View Standards     Standard(s): [SS2010] GEOG (7) 3 :
3 ) Compare geographic patterns in the environment that result from processes within the atmosphere, biosphere, lithosphere, and hydrosphere of Earth's physical systems.

•  Comparing Earth-Sun relationships regarding seasons, fall hurricanes, monsoon rainfalls, and tornadoes
•  Explaining processes that shape the physical environment, including long-range effects of extreme weather phenomena
Examples: processes—plate tectonics, glaciers, ocean and atmospheric circulation, El Niño

long-range effects—erosion on agriculture, typhoons on coastal ecosystems

•  Describing characteristics and physical processes that influence the spatial distribution of ecosystems and biomes on Earth's surface
•  Comparing how ecosystems vary from place to place and over time
Examples: place to place—differences in soil, climate, and topography

over time—alteration or destruction of natural habitats due to effects of floods and forest fires, reduction of species diversity due to loss of natural habitats, reduction of wetlands due to replacement by farms, reduction of forest and farmland due to replacement by housing developments, reduction of previously cleared land due to reforestation efforts

•  Comparing geographic issues in different regions that result from human and natural processes
Examples: human—increase or decrease in population, land-use change in tropical forests

natural—hurricanes, tsunamis, tornadoes, floods

Subject: Social Studies (7)
Title: How Do Oceans Circulate? Crash Course Geography #9
URL: https://www.youtube-nocookie.com/embed/xa6SdvFA3w0?autoplay=1&iv_load_policy=3&loop=1&modestbranding=1&playlist=xa6SdvFA3w0
Description:

In this video, students take a closer look at how the oceans circulate by following the life of a discarded water bottle as it gets snagged in the North Pacific Garbage Patch. We'll talk about what causes the movement of water, called current, both near the surface and much deeper in the oceans, and we'll show how they follow similar (but not identical) paths to the winds. Ocean circulation plays a huge role in cycling vital nutrients within the seas and helps us transport goods on ships across the globe and it's up to us to protect it.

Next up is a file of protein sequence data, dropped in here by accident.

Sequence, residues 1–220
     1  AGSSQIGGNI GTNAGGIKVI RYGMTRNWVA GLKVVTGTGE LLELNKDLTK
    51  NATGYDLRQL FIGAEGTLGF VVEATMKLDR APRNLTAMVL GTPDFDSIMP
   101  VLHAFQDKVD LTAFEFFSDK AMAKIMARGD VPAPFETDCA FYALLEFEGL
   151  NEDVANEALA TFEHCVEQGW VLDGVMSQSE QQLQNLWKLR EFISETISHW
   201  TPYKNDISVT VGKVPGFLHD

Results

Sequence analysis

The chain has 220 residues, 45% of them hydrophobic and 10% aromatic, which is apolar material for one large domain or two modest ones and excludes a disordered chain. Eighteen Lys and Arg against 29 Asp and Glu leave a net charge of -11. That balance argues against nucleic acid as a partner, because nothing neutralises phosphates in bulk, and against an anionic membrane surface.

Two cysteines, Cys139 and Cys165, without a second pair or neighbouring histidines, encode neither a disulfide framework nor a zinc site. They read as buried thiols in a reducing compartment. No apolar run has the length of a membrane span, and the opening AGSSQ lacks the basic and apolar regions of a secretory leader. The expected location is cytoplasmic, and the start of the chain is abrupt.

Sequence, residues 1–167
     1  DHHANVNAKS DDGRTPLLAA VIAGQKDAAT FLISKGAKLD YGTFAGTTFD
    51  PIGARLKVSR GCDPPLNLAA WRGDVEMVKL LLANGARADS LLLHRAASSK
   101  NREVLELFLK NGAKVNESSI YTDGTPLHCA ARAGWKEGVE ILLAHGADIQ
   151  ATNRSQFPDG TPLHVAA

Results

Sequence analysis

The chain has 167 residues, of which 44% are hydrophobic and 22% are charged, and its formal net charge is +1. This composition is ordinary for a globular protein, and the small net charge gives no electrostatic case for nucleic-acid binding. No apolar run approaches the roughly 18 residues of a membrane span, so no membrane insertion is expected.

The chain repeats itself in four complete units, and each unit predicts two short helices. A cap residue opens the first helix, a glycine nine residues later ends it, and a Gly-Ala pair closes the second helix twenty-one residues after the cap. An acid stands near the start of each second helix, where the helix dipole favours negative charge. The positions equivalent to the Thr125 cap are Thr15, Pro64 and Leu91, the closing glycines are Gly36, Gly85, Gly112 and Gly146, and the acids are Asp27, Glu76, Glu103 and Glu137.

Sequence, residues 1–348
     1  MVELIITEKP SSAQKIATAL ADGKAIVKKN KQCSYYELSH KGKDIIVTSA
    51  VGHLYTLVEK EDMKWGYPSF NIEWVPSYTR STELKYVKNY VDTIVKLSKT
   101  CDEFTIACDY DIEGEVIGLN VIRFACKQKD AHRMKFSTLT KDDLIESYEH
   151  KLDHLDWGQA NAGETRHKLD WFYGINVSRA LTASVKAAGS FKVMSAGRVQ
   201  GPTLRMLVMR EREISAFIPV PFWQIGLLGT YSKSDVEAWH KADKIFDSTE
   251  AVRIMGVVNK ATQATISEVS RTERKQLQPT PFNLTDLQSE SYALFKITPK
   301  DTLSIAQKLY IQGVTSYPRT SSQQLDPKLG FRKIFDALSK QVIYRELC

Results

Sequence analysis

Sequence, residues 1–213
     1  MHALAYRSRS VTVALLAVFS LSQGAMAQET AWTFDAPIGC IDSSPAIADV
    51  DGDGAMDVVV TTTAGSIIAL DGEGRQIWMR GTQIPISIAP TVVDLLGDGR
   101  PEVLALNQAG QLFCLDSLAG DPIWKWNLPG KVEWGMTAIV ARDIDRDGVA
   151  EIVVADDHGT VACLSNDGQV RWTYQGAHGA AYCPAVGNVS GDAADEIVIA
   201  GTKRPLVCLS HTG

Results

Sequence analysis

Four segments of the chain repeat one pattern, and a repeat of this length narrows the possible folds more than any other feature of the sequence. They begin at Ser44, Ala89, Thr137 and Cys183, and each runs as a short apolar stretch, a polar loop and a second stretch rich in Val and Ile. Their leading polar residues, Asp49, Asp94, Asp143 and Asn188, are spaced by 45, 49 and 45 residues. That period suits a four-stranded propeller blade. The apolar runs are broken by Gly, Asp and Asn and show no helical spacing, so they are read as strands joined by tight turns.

View Standards     Standard(s): [SS2010] GEOG (7) 3 :
3 ) Compare geographic patterns in the environment that result from processes within the atmosphere, biosphere, lithosphere, and hydrosphere of Earth's physical systems.

•  Comparing Earth-Sun relationships regarding seasons, fall hurricanes, monsoon rainfalls, and tornadoes
•  Explaining processes that shape the physical environment, including long-range effects of extreme weather phenomena
Examples: processes—plate tectonics, glaciers, ocean and atmospheric circulation, El Niño

long-range effects—erosion on agriculture, typhoons on coastal ecosystems

•  Describing characteristics and physical processes that influence the spatial distribution of ecosystems and biomes on Earth's surface
•  Comparing how ecosystems vary from place to place and over time
Examples: place to place—differences in soil, climate, and topography

over time—alteration or destruction of natural habitats due to effects of floods and forest fires, reduction of species diversity due to loss of natural habitats, reduction of wetlands due to replacement by farms, reduction of forest and farmland due to replacement by housing developments, reduction of previously cleared land due to reforestation efforts

•  Comparing geographic issues in different regions that result from human and natural processes
Examples: human—increase or decrease in population, land-use change in tropical forests

natural—hurricanes, tsunamis, tornadoes, floods

Subject: Social Studies (7)
Title: How Does Air Temperature Shape A Place? Crash Course Geography #7
URL: https://www.youtube.com/watch?v=OrhQmxK7s5A
Description:

In this video, we’re going to visit Siberia and take a closer look at how temperatures there (and around the globe) impact the way cultures, communities, and landscapes form. Air temperature plays a much bigger role than just helping us decide what we’re going to wear every day, it dictates the kind of foods we can grow, how we build our cities and roads, and the kinds of industries that can even exist in a location. In a region like Siberia, where it can get cold, like REALLY COLD, the air temperature has had an incredible impact on life. Before we end this episode we’ll warm up with a visit to Phoenix, Arizona to talk about how they too have to make a lot of decisions due to the extreme heat of a city in the middle of the desert.



ALEX Classroom Resources: 4

Go To Top of page